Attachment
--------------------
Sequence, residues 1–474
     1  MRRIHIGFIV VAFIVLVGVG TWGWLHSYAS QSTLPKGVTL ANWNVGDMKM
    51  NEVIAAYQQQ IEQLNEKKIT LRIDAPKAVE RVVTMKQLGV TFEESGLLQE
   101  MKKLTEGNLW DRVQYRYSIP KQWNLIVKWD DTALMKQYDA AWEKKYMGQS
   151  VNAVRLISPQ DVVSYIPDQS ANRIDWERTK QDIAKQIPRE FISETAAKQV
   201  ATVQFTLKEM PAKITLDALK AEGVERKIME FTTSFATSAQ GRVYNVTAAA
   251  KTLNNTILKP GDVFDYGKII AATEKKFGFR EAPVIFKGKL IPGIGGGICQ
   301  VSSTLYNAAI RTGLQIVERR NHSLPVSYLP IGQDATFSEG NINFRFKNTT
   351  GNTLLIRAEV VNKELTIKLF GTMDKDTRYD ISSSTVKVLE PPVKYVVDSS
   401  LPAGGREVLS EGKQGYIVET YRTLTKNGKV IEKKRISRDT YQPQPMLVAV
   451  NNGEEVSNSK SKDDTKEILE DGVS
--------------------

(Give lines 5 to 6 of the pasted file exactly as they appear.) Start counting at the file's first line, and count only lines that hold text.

   151  VNAVRLISPQ DVVSYIPDQS ANRIDWERTK QDIAKQIPRE FISETAAKQV
   201  ATVQFTLKEM PAKITLDALK AEGVERKIME FTTSFATSAQ GRVYNVTAAA